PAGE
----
Revelation is not the most perspicuous book of the Bible.
John Gill has some interesting thoughts on it. He notes that it is false that "this silence the sum of this seal, or the only thing in it". Rather, it probably "includes the preparation of the seven angels to take their trumpets," in verse 2, "though none of them were sounded during this period." Also, some think it encompassing verse three, refering
to the time which elapsed, while the angel, who had incense given him to offer it with the prayers of saints, did so, and took fire off the altar with his censor, and cast it on the earth.
Others think it was a time of reflection or amazement, he notes. This also has merit; silence can be a profound experience, particularly in the presence of a King, of a great and holy one who is judging the earth in power. John's entire vision is only on the edge of the communicable; it may be that he was unable to express in human language the full meaning of this silence.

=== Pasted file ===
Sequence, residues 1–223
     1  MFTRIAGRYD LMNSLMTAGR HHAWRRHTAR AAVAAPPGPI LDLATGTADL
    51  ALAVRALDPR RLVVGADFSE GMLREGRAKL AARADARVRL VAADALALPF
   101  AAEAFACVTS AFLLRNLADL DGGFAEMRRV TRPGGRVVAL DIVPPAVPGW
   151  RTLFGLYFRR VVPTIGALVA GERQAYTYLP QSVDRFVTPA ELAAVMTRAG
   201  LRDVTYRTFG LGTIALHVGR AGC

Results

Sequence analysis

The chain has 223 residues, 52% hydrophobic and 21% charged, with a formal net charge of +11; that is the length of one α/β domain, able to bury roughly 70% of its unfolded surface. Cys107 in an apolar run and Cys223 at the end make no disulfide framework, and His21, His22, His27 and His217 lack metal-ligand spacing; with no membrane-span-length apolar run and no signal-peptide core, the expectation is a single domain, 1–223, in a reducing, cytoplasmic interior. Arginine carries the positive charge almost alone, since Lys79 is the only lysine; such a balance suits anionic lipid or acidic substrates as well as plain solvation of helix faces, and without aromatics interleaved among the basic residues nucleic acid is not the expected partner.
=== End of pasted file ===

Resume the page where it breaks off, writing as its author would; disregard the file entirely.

In terms of applying the book, some have interpreted this a period of peace in the church. But that gets into deep water where I don't want to go in one little post!
Whatever the precise meaning of the silence, it was certain a time of worship and awe. Sometimes we can benefit from the awesomeness of Scripture even without understanding the precise meaning, particularly in prophecy.
The opening of the seventh seal certainly was not impotent. Matthew Henry writes,
This was to introduce a new set of prophetical iconisms and events; there is a continued chain of providence, one part linked to another (where one ends another begins), and, though they may differ in nature and in time, they all make up one wise, well-connected, uniform design in the hand of God.
The reason that the seventh seal does not seem to have one main thing associated with it is that it introduced the next whole chain of events.